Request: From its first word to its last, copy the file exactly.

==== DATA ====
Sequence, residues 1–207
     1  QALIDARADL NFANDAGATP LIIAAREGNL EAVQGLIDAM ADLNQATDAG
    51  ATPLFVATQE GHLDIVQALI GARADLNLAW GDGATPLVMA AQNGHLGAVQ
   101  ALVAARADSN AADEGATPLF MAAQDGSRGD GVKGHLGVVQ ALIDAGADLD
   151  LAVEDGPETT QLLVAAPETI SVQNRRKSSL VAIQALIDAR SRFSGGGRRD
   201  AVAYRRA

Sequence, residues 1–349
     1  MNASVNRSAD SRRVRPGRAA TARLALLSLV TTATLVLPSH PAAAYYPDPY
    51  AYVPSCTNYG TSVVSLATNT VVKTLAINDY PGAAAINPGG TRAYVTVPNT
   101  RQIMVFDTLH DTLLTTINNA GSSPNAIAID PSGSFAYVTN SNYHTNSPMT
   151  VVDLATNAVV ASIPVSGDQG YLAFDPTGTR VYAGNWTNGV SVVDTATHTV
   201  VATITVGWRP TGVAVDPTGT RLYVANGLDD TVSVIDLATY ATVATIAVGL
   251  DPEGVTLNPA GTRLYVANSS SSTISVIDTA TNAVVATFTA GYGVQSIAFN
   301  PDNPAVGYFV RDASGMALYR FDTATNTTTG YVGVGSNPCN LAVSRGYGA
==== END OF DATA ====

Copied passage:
Sequence, residues 1–207
     1  QALIDARADL NFANDAGATP LIIAAREGNL EAVQGLIDAM ADLNQATDAG
    51  ATPLFVATQE GHLDIVQALI GARADLNLAW GDGATPLVMA AQNGHLGAVQ
   101  ALVAARADSN AADEGATPLF MAAQDGSRGD GVKGHLGVVQ ALIDAGADLD
   151  LAVEDGPETT QLLVAAPETI SVQNRRKSSL VAIQALIDAR SRFSGGGRRD
   201  AVAYRRA

Sequence, residues 1–349
     1  MNASVNRSAD SRRVRPGRAA TARLALLSLV TTATLVLPSH PAAAYYPDPY
    51  AYVPSCTNYG TSVVSLATNT VVKTLAINDY PGAAAINPGG TRAYVTVPNT
   101  RQIMVFDTLH DTLLTTINNA GSSPNAIAID PSGSFAYVTN SNYHTNSPMT
   151  VVDLATNAVV ASIPVSGDQG YLAFDPTGTR VYAGNWTNGV SVVDTATHTV
   201  VATITVGWRP TGVAVDPTGT RLYVANGLDD TVSVIDLATY ATVATIAVGL
   251  DPEGVTLNPA GTRLYVANSS SSTISVIDTA TNAVVATFTA GYGVQSIAFN
   301  PDNPAVGYFV RDASGMALYR FDTATNTTTG YVGVGSNPCN LAVSRGYGA